(from The New Yorker, January 11, 1988)
One thing she has noticed about married women, and that is how many of them have to go about creating their husbands. They have to start ascribing preferences, opinions, dictatorial ways. Oh yes, they say, my husband is very particular. He won’t touch turnips. He won’t eat fried meat. (Or he will only eat fried meat.) He likes me to wear blue (brown) all the time.
Okay, so I clearly enjoy stories about sad single women… Like most Munro stories, this one began slowly for me. It felt like schoolwork (and it is, actually, assigned by one of my professors). After a few pages, however, I became completely engrossed in the world that was being constructed and couldn’t imagine not finishing it. The story is about a woman named Almeda Joynt Roth, a poet who lives alone in the house built by her father in the “wilds of Canada West.” She has outlived her brother and sister, as well as her mother and father. She never marries, considered too eccentric and damaged from seeing all that death. She spends her time writing poems about her family–visiting their graves, teaching her siblings to make snow angels–as well as poems about plants and trees. One day, a widower named Jarvis Poulter arrives in town, and there is hope that Almeda might live happily ever after, though I assume I’m not spoiling anything by telling you that this doesn’t happen. “Meneseteung” is a great story. I think it’s been anthologized a good bit, and rightly so. I only wish Munro didn’t feel so much like assigned reading at the beginning. It makes me hesitant to invest. She’s worth it, though.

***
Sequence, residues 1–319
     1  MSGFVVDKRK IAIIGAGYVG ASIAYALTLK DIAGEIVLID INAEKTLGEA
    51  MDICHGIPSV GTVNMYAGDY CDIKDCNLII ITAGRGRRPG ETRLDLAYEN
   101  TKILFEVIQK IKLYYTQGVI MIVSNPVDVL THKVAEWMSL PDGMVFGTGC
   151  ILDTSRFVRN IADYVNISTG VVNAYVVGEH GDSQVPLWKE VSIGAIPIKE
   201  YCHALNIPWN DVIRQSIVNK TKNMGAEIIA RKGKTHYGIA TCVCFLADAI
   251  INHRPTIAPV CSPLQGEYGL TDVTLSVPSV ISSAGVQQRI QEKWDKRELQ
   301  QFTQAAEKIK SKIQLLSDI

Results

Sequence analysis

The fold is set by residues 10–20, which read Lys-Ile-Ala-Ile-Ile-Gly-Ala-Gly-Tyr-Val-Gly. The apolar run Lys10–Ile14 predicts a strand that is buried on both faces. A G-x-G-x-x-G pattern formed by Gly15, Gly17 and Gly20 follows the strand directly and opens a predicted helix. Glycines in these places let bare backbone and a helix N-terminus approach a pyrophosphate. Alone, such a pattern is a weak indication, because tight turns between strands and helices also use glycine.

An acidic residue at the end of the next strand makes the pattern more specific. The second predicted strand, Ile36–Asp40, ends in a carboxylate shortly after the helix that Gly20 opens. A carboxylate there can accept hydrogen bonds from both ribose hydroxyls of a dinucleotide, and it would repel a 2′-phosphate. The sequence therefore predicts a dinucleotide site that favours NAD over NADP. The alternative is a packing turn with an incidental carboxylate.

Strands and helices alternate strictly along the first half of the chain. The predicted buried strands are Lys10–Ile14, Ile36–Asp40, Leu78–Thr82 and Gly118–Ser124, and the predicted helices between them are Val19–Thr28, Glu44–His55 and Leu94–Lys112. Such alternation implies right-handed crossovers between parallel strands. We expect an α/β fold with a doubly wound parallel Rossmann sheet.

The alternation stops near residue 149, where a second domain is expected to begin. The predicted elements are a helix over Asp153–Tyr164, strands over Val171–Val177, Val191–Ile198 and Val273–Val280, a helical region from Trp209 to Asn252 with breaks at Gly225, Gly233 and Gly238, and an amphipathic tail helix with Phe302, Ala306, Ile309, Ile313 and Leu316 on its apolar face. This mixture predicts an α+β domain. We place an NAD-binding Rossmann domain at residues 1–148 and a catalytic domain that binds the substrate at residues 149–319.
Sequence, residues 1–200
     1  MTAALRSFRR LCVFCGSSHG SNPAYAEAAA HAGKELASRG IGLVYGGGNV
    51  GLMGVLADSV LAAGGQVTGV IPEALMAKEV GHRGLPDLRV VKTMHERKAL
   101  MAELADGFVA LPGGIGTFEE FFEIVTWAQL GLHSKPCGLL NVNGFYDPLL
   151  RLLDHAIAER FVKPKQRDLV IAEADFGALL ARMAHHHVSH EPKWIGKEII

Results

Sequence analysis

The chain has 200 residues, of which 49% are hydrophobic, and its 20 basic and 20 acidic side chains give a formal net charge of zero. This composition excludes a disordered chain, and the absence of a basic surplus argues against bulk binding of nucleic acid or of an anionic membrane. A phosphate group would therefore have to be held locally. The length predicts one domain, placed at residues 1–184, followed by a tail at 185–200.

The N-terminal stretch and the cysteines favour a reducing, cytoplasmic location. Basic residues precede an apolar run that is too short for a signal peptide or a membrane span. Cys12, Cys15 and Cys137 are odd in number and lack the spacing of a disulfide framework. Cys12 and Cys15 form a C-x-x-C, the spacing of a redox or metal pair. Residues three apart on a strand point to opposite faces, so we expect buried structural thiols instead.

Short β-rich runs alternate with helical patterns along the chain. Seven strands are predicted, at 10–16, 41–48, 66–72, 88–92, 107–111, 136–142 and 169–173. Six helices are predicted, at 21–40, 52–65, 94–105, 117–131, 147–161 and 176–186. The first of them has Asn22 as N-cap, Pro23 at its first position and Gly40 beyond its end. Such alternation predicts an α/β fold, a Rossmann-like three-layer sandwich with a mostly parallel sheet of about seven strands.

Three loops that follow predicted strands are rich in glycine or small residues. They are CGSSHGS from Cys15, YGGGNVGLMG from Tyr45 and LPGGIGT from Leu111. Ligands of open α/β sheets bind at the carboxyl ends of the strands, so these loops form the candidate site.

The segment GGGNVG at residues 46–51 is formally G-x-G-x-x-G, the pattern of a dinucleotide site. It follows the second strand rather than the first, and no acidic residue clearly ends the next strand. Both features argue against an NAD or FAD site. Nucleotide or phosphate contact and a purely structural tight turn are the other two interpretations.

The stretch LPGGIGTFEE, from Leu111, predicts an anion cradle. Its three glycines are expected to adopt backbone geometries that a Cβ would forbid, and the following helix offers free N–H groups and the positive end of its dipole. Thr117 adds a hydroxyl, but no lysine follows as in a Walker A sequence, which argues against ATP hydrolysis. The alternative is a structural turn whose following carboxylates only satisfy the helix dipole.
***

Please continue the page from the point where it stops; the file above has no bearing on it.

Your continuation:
If you subscribe to the New Yorker, you can read it online for free. I think I should do this. I think you probably should, too, if only for the archives.